• \$\begingroup\$ Ok, so this makes sense. I have also looked into using an FTDI development board with bit-blasting capability. Unfortunately I am having a hard time finding a solution that can handle the large interface. Would it be recommended to use shift registers to allow the FTDI device to interface with the memory chip? \$\endgroup\$ Mar 26, 2019 at 20:51
  • \$\begingroup\$ With regards to your latest question, are you just searching for ANY method to make use of a parallel-interface so you can learn? You don't care what's on the other end as long as the parallel interface is involved? It is difficult to find solutions that can handle parallel interfaces because they require so many pins. Normally you need BGAs (impractical for hobbiests to hand solder). They are available on QFP-208 processors but even then you are really scrounging for pins. \$\endgroup\$
    – DKNguyen
    Mar 26, 2019 at 20:54

3 Answers 3


The only thing that you have to do is perform logic level shifting. This is because the MR2A16A is a 3.3V powered device and looking at page 7 of the datasheet it shows the max input high voltage i.e. VIH. This is less than the max output voltage of the arduino (~5v) so you will risk damaging the MRAM if you don't level shift. As for the data pins since you have to read and write from them you would need bi-directional level shifting.For the address lines a simple unidirectional shifter would work. But with this many lines to apply level shifting on, it may be cumbersome.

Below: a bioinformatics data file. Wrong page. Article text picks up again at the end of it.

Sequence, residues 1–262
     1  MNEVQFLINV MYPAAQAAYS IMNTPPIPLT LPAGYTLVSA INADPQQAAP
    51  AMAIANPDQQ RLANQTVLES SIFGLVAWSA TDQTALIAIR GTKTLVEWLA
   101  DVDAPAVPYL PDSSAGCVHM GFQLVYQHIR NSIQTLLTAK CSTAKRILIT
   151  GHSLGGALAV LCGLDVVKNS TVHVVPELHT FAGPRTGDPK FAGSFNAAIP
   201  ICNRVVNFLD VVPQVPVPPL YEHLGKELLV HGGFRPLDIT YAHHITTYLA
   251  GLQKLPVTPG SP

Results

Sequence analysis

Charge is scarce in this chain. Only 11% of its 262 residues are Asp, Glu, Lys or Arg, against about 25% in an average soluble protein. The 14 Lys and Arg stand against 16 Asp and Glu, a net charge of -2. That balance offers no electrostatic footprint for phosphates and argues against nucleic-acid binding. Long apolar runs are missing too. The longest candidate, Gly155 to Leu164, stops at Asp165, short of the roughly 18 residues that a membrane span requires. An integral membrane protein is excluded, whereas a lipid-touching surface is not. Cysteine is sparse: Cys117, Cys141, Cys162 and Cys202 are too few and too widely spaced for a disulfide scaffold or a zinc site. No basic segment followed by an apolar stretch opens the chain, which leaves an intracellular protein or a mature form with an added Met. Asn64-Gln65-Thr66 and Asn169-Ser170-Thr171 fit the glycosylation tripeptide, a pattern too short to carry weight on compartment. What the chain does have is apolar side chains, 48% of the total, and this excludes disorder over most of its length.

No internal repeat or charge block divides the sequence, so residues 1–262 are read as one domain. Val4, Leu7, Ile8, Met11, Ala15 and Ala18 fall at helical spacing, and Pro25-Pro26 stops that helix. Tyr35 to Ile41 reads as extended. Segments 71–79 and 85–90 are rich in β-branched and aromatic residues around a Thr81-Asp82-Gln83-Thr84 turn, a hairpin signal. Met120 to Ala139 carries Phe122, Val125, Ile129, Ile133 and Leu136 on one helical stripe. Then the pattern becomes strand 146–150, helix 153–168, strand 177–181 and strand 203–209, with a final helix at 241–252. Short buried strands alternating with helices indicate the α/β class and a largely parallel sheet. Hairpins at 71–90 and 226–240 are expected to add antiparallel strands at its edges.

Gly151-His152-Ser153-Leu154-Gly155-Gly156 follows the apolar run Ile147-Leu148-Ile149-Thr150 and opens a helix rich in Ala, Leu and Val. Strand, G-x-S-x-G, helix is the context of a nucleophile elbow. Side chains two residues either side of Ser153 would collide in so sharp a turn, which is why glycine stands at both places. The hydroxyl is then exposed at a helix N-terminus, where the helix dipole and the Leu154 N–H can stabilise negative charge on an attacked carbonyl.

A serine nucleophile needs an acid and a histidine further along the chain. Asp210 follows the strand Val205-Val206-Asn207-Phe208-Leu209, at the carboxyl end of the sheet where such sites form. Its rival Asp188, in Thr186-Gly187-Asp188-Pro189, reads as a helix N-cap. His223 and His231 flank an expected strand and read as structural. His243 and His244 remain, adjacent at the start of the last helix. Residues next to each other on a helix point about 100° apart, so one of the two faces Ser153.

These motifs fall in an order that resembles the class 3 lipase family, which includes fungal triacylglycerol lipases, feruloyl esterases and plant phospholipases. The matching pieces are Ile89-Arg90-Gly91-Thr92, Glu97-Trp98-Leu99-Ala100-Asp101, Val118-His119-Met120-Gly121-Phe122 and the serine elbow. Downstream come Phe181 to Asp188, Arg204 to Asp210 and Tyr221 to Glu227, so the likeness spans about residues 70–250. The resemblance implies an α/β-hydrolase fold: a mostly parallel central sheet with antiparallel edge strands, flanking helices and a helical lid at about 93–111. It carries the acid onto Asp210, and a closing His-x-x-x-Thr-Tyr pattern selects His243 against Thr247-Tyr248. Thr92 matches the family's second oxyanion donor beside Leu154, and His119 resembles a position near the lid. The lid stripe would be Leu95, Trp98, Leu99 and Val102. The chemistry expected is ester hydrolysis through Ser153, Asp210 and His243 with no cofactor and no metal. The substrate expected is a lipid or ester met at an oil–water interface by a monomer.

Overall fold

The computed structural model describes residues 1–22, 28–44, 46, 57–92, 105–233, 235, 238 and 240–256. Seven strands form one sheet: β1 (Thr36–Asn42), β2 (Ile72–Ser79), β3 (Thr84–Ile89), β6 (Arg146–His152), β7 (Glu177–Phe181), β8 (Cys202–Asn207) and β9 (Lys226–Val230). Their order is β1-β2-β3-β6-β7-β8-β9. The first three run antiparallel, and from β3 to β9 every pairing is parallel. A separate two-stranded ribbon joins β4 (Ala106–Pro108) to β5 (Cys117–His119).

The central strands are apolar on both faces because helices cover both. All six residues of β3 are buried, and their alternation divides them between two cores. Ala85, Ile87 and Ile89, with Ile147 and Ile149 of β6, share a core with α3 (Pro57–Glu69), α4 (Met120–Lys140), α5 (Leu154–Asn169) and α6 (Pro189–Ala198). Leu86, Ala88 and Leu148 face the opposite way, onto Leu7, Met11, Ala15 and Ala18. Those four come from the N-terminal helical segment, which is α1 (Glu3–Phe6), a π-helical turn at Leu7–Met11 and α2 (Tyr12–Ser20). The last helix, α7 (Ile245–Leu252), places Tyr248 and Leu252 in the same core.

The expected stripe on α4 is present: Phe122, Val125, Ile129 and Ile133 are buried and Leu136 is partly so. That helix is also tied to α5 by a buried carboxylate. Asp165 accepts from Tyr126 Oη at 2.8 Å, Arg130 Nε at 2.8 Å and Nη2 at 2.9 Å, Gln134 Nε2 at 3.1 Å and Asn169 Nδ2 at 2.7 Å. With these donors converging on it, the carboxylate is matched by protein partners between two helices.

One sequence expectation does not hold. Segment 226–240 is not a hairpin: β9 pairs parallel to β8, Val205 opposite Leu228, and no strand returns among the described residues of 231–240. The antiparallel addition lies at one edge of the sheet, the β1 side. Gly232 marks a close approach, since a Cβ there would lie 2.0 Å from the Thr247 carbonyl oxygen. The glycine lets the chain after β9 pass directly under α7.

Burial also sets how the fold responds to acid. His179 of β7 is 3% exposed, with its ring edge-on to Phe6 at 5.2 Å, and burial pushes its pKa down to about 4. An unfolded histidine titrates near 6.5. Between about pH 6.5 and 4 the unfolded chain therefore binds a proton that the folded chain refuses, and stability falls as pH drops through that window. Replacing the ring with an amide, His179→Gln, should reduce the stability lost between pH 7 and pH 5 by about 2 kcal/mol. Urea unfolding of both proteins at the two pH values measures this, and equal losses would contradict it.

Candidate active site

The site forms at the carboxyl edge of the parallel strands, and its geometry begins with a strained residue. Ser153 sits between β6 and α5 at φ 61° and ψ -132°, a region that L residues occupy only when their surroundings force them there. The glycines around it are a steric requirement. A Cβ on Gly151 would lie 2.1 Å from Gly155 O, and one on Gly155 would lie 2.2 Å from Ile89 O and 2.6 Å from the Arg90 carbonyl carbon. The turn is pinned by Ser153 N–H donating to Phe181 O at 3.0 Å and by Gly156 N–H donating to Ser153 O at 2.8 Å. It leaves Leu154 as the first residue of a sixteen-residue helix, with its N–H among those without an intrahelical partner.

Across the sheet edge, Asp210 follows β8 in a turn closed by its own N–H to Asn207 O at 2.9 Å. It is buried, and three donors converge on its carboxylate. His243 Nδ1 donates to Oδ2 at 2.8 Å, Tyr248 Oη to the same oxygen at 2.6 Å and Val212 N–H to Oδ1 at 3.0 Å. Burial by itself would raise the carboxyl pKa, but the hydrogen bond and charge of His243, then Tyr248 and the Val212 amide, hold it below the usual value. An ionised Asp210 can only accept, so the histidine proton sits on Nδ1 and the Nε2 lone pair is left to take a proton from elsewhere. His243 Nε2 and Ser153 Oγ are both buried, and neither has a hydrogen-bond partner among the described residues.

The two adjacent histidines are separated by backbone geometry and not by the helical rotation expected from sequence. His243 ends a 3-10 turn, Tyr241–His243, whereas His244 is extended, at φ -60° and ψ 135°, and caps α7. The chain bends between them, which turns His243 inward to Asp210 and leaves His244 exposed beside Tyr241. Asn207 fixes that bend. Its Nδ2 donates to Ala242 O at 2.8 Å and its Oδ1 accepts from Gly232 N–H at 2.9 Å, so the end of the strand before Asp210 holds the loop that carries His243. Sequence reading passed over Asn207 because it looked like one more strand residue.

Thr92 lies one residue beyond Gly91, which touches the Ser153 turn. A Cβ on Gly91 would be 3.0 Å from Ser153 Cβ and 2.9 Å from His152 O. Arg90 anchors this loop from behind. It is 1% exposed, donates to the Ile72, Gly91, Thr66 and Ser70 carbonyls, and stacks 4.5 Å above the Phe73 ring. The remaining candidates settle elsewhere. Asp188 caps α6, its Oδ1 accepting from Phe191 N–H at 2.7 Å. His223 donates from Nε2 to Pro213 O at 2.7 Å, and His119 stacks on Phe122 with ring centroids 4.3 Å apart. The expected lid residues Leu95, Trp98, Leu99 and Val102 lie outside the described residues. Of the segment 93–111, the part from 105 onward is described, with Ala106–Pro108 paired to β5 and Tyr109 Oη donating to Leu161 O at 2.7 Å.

The method of level shifting depends on the speed of your intended communications. Simple voltage dividers can work for slow signals but will not work for fast changing signals. There are ICs for this but it's entirely up o you if you get those or go DIY.

  • 1
    \$\begingroup\$ That is very helpful, I completely overlooked the logic leveling and appreciate the heads up. I intend to use some form of logic shifting solution that is readily available. \$\endgroup\$ Mar 26, 2019 at 20:38

Do you need your interface to go fast? If your software requires more than 100 KB/sec of bandwidth to RAM, you must make some particular considerations when designing your system to avoid a major bottleneck.